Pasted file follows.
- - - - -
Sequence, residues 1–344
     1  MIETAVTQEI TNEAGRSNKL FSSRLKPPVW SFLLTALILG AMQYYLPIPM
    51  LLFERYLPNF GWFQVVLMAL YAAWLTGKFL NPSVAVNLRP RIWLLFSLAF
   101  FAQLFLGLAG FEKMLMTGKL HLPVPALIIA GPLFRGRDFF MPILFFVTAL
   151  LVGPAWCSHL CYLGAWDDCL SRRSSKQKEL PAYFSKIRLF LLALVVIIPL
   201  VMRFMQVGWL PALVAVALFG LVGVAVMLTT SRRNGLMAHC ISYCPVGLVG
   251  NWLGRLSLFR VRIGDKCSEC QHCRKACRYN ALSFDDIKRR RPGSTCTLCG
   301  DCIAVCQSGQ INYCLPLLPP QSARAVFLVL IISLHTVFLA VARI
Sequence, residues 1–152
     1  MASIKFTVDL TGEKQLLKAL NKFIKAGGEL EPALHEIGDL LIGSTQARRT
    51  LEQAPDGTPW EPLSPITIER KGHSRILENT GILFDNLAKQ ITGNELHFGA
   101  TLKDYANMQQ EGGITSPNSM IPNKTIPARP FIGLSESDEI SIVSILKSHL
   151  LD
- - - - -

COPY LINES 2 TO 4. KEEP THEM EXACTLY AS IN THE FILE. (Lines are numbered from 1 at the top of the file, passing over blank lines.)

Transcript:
     1  MIETAVTQEI TNEAGRSNKL FSSRLKPPVW SFLLTALILG AMQYYLPIPM
    51  LLFERYLPNF GWFQVVLMAL YAAWLTGKFL NPSVAVNLRP RIWLLFSLAF
   101  FAQLFLGLAG FEKMLMTGKL HLPVPALIIA GPLFRGRDFF MPILFFVTAL